The Daily Register from Harrisburg, Illinois on January 29, 1948 · Page 5
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January 29, 1948

The Daily Register from Harrisburg, Illinois · Page 5

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Harrisburg, Illinois
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Thursday, January 29, 1948
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Page 5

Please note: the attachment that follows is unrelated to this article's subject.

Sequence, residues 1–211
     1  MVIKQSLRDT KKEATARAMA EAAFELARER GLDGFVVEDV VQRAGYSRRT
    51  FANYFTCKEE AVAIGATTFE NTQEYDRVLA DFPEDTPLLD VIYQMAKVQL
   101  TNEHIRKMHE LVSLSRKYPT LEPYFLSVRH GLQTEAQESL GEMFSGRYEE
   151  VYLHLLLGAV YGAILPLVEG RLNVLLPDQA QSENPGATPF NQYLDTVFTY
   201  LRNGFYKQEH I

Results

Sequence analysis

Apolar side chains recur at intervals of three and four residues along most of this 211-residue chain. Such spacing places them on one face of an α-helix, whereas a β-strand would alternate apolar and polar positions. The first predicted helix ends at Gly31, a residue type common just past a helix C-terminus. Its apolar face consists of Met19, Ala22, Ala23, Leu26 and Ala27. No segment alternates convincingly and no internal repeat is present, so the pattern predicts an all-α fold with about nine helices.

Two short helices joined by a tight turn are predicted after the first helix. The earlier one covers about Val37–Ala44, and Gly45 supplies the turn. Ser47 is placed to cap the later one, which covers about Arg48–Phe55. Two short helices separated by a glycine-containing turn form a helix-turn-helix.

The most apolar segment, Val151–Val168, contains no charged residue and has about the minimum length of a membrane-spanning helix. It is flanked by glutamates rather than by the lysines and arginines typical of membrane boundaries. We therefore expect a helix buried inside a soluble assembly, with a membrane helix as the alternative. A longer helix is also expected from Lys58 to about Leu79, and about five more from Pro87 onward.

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THE DAILY REGISTER, HARRISBUKG, ILL. THUUSUAY, JANUARY 2V1948 v *· iggggS^S^S^BsSSB W i d e Assort* rr.cnr of Printed Encmel Patterns in full 46-mrfc Hurry for your share of this Brokerage "thrill" value. Made of long-lasting, vuIJ-width seamless sheetipg. 128 threads per square inch, neatly hemmed, ready for use. Wallace Party Chairman Has Long Record of Communist Front Activity By LVLE C. WILSON United I'rcss Staff Correspondent WASHINGTON. Jan. 29--U.1_ Henry A. Wallace came up today 1 with his third party national chairman, a Minnesota politician with a record of Communist front affiliations zib long as your arm. He is Elmer A. Benson of Appleton, one time governor and senator of his state and a factor in Fanner-Labor politics of the Northwest. Wallace named him head of the National Wallace for President committee. lace's candidacy and thus compel President Truman to run in tnai. state as a third party candidate. Democrats in Minnesota .do noi have a party solely their own. They merged with the Farmer- Laborites party before the m 1 * Sen. Ball Raps Tax-Free Status Of Red Groups WASHINGTON. Jan. 29--U.R-- Sen, Joseph H. Ball, R., Minn., charged today that the Treasury is virtually subsidizing Communist activities by granting special tax status to eight organizations which Attorney General Tom Clark has branded as "subvers- c." Ball said in a statement that he Treasury lists these organiza- ions among "charitable, religious, ive. election. c o n . . . ..,,; The House Un-American Activities committee which listed Benson's Communist front a"' 11 / °"j explained it was not alleged tnai he and others so listed were Communists. Many certainly are not Communists. The committee un- ·OMdcnt committee. Lommunisis. me v """"""I fu i] y Some of the front affiliations at- "ed .".cy were fronts carefU.y tributed to Benson were with organizations notorious for their efforts to influence public opinion in the United States in the field of foreign relations and toward objectives suitable to the Soviet Union. They bitterly opposed American aid to Great Britain until Germany attacked Russia in 1941. Carefully Selected Fronts Benson is the man who hopes to commit the Democratic-Farmer- Labor party in Minnesota to Wal- Help 15 Miles of Kidney Tubes Flush Out Poisonous Waste ·When disorder of kidney function permits poisonous matter to remain in your blood, it inay cause naKSTiry; backache, rheumatic pains, leg pains, loss of Pep and energy, settins: up nishts. swcllinc. puffincss under the eyes, hcathchcs and dizziness. Frequent or scanty passaccs vrith smartint; and burnmK "The eight organizations," said Ball, "are all Communist 'fronts' which means that a good proportion of all funds contributed to them are siphoned off to finance Communist party work." He said the privileged tax status of these groups helps them to solicit funds. This, he said, "almost amounts to a federal department assisting organizations dedi cientific. literary or educational" nterpriscs. Hence, he said con- ributions to them are deductible jn the donor's income tax return. cated to the overthrow of our sys ^J 'I »l The DuUy Regiitey. 20cV Vfg«k. Jominittce, National Council of AnicricanSoviet Friendship, Hollywood Writers Mobilisation, International Woikcrs Order, Ohio School of Social Sciences (Cleveland), Philadelphia School of Social Sciences, Samuel Adams School (Boston) and the School of Jewish Studies (New York City). Ball noted that all eight were on the list of some 80-odd allegedly .subversive organizations which Clark submitted to the Loyalty Remen-1 view Board last November. tern of government." The eight organizations tioncd by Ball were: , The Joint Anti-Fascist Refugee The Daily Register, 20c a week. FAVORITE OF MILLIONS So fast, pure.'dependable. World's largest soil or at lOc. St. Joseph A s p i r i n is flrtt choice of million* who say It's aspirin at Its best.' StJoseph A S P I R I N B»»y for'mowir j \o five. No ne*d * 10 breaX UbUrti. ' They »rt m»C« :f to-ineet'WWt ] i c h i l d d o i « C « ' nxd». E«§y for I child to uko. | or«niw n» v r.:j i) i Ubtoi* for 3M. " ·1 J 4 1 uCjinty j)SL;KM*jivj »*t*i »***·»» ·*·····» ·«« ,,_,,..,-.-,, eoTictimes shows there is something wrong ·«nth your kidneys or bladder. _ Don't wait! Ask yonr cruKKist for Dean a elected 'bv Communists to uisc the real objectives of various ndertakings. «,,,''',. ftm . "By its very nature," the com mittce explained "a Communist- ront organization must have pcr- ons who arc willing te.front for t. The genius of a Communist ront organization is .to secure he services of distinguished persons whose very names aid in concealing the real nature of the or sanization." Name Co-Chairmen Along with Benson as nationa chairman Wallace announced u B Baldwin as his campaign manager. Baldwin was a New Dealer with Wallace and presently is vico-chairman of the Progressive Citizens of America which is under charges of failing to resist Communist infiltration. He was at one time vice chairman of the National Citizens Political Action Committee, which the Un-American Activities Committee held to be a Communist front. Rexford Guy Tugwell, early New Deal brain truster, Jo Davidson, sculptor, and Paul Robeson, Negro singer, were named co ion-t vriut i ASK yonr UTC.WH. «» --. - chairmen with . Benson. Angus i-ms.a. stimulant diuretic, used successfully CamerOU, editor-in-chief 01 IjlUie by millions for ?TM r .. 5 £Jf^^ i^mU-s'of Ifirown Co., book publishers, was iddneytuiws flush out poisonous waste from | named treasurer. ,, _ 1.1_ n ,J f^rt* T*Wl«?l*« Vllta- f» ~ I~ A « An'i-1 (**f\W t i l U J l t J J f 4,tl»/T;iJ i*l*£F«* vifir »*v-- -- -your blood. Get Doen'a Pills. HOW ABOUT YOUR FUR COAT? * f f Robeson's Communist front at filiations are almost endless. Dav idson is in the Progressive Citizens set-up now. He used to be head man of the Independent Citizens Committee of the Arts Sciences and Professions, an outfit which the Communists claimed to have invented. Harold L. Ickes was in that for a while but the red glare hurt his eyes and he quit. Benson Affiliates . Benson rates more than 20 citations in reports of the House Un-American Activities committee. He was affiliated with the American League against War and Fascism, an outfit which the committee called "subversive." "From the inception of i( tne league," the committee said, "until its change of name to the American League for Peace and Democracy in Nov. 1937, it was J V V . * l l V / ^ - l ***»·' *·· * . -- · - . , _, i c e *. i strictly under control o f t h e Corn- Thousands of iur coats | mun i st party." ; arc lost stolen or de- JffrS^T' l SS^S^SSf stroycd by lire every sea- Mobilizat i on . of which the" com- r-v no*- insure yours mittee said "the American Peace - ' rn"was~orie~of th'e~~rtT5Sr _. Communist fronts ever organized in this country." The American Youth Congress' also claimed Benson. The committee called the Congress "subversive." It cited testimony of Joseph P. Lash, the youth leader and favorite of Mrs. Eleanor Roosevelt, that AYC was a Communist front. The committee said Lash had been an influential figure in the Congress. 5 About Town And Country (Continued from Pr.ge One) rloatcr Policy? Broad protection at surprisingly low cost. ROBERTSON, CRECELIUS and GHENT Pho. 1000 Rose Bldg. Representing The /Etna Cisualty and Surety Company of Hartford. Conn. 3 797 wQf»en made fhe MUNOT taste test * ·* "" ad'o o · penny for penny. · · * * ^ r -out of 5' wsmen preferred MILNOT! $# fa 0 " too* * '^ !:.'.;.- ^r,;:^d sat prise for \our family when they · I M I - V M 5irnftj! And \\hai a hudpct-savcr Milnot 1 i J - t !"»r },u!.Ior frcsh-iaMing Milnot is delicious " ^'.P^ v. 4 -)5 besides in coffee: on fresh fruits and -)'^-inc«,.oa--for al! your cooking and baking. '^ ' i: v h i p s 10 .1-afTy mounds for toppings; for '·" -'-r: It.s«cr!s' (^c: Miinot today. Rich in Vitamins '· -.^(1 D . . . J n x r i n cosi! nc rroaoeJi Co., Litehficld, III. VODfSN OAIRY PLANTS IN ILLINOIS AND INDIANA t, ·»· i-t ftaa e-d aihtr iilmsus taw ftttvzs «'* «« i( called "the finest thing there ever v.as." she got down with a bad cold, "as all that trip was too nsuch for me." She said she hadn't been out very much since then. She gets in "her coal at 12 o'clock every day and it lasts her. "I go to bed about eight or r.ine o'clock in the evening because there's no use of staying up later because nobody ever visits anybody else any more, she stated. During this cold weather I wake up about midnight and put a lump of coal in the ! stove. Sometimes I wake up again and put in some more coal and sometimes I don't. I get up at five every morning and stay up. Asked "about her food supply. Mie said she laid in her gruo] Monday. "I paid a dollar to be taken to town to get my grub," she said, i'-'out 1 got enough to last me for ' two weeks." She said she wanted to continue living in the house where she had spent 51 consecutive years. *'I don't want to leave my home, she stated. "This is my home. Tiic old house is goins down just like I am. and I want to stay here. I've lived to be older than any of my family except Grandfather Tuttlc. who iivcd to be 93. _Aiy brother. Johnny, who is 84. lives in Eldorado and he wants me to live with him. but I want to s»ay here." Negro Sentenced To Death in The Electric Chair SHELBYVILLE. Ind.. Jan. 29-l!l!--Robert A. Watts. 25-year-old Xccro truck driver, today faced death in Indiana's electric chair on JMay 10 for the murder of an Indianapolis housewife who resisted his attempt to rape her. A jury of 12 men convicted Walls late ycslcrday after dclibcr- aline five hours. He was found guilty of killing Mrs. Mary Burncy wilh a sholgun she had used to try to fiqhl off" his advances. During the invcsligalion of the murder Walls lold police officers lhat he used his job as an Indianapolis city truck driver to "spot j victims for criminal attacks and i robberies. He admitted numerous [attempts to rape other women. HART SAYINGS In s ear Many exceptional values . . . odds and ends . . . broken! sizes, but all money-saving values. Take advantage ofj Hart's Final January Clearance and save. . . . 4-- $8.95 Boy's Heavy, Twill 2-pc. - . -, . Jodphur Jacket Suits Sizes 3-6 . . 19 Pairs Boys' Co ton Pauls Reg. S1.98 values $1.00 Sizes 8 to 12 (Men's Store) . BOYS' Wool Suits In Blue and Brown Reg. $12.50 to $14.98 values $6.00 Sizes 8 to 12' (Men's Store) Boys' Cotton and Wool Sweaters 16 Reg. $2.50 to S3.98 values $1.77 Broken Sizes (Men's Store) BOYS" "Toppers" Reg. 87.98 values $4.00 Sizes 6 to 8 (Men's Store) BOYS' Helmets Reg. S1.00 values 47c Sizes S, M, L (Men's Store) BOYS Cotton Briefs Reg. 49c values 19c Sizes 6 to 14 (Men's Store) 2--$7.95 Women's Wool Slacks Sizes 18 and 20 $1.88 (Main Floor) 8--S5.95 Women's Gabardine Pedal Pushers Sizes 12-18 $1.19 (Main Floor) 3--$5.95 Women's Gabardine Jackets 12-18 in size $1.19 (Main Floor) 22--S2.9S Indies' Kid and Pigskin Gloves Broken Sizes 69c (Main Floor) Second Floor Clearance SUITS and DRESSES H_$14.95 Georgiana Wool Dresses, 12 to 20, $7.95 3 $29.75 Crepe Dresses, 14 and 16. now only $18.95 12--$24.95 Crepe Dresses. 12-20, 9-15, now $16.95 1--$59.50 Rothmoor Suit, size 14 . ,, now only $39.75 3--$57.50 Miss Mode Suits. 11 15, now $39.95 (Second Floor) MEN'S TOPCOATS Come in! Compare the prices and quality of these Knit and Fleece Topcoats. Reg. $42.50 vaiyes going a! $33.50 Reg. $39.50 values now only $31.50 Reg. $35.00 values for only $27.50 Sizes 36 to 44 (IKeu's Store) Main Floor Clearance DRESSES COATS 3--$12.95 Wool Plaid Dresses, 12-14. now only $6.95 2_$10.95 Wool Checked in brn. blk.. 14 16, $6.95 5_ $7.95 Gabardine Dresses. 9-17, now only $4.95 3--$12.95 Gabardine Dresses. 9-11-15. now only $8.95 1 $12.95 Grey Crepe Dress, size 16. for only $8.95 1__$10.95 Brown Crepe Dress, size 13, now only $6.95 6--$14.95 Crepe Dresses, 38 to 44, now only $10.95 35 $5.95 Spun Rayon Dresses, 9-14. now only $2.59 4-- $7.95 Printed Silk Dresses. 12-14-20, now $2.59 2--$26.00 Wool Shortie Coals, size 11. now only $10.00 3 $3.98 Print Maternity Dresses. 14-18-20, $2.98 2 $2.98 Print Maternity Dresses. 18. now only $1.98 12--$14-93 Crepe Maternity Dresses. 9 to 18, $6.95 (Main Floor) FABRIC CLEARANCE Reir. $2.98 to $3-98 Wool Plaids Checks now $1.99 Reg. $1.98 Printed Wool Jersey .. now only $1.19 Solid Color Outing · - vard 1-1 OFF ON ALL REMNANTS (Baj-ement Store) $2,99 2--$4.95' Boys' Water Repellent 2-pc.- Slock Jacket Suits Size b $1.1? (Main Floor) 5--$3.98- Children's .Wool Jitkch Size 3-6,..- 79c (Main Floor) 36-- $5:95- All .Wool Sweaters Sizes 32 to 40 Now Only (Second Floor) -?~ 12--§6.95 Fall and Winter Hats In black, brown, and green.' Now $3.98 (Second Floor) 5_$7.95 Children's Corduroy "' ; Dresses Sizes 8 to 14, ,Now - r . $525 0 (Second Floor) Broiler Master;' Reg. S17.95 value, naw only ' $10.00 n (Mezzanine Floor) ' ~ ASSORTED Hassocks Reg. S15.95 value, now only $8.50 (Mezzanine Floor) Turkish Towels Solid white and plain flcsif* Medium and guest 39c (Basement Store) i Wash tloihs 12 in. x 12 in. First lOc (Basement Store) 1EWSP4PERS -IWSPAPFR!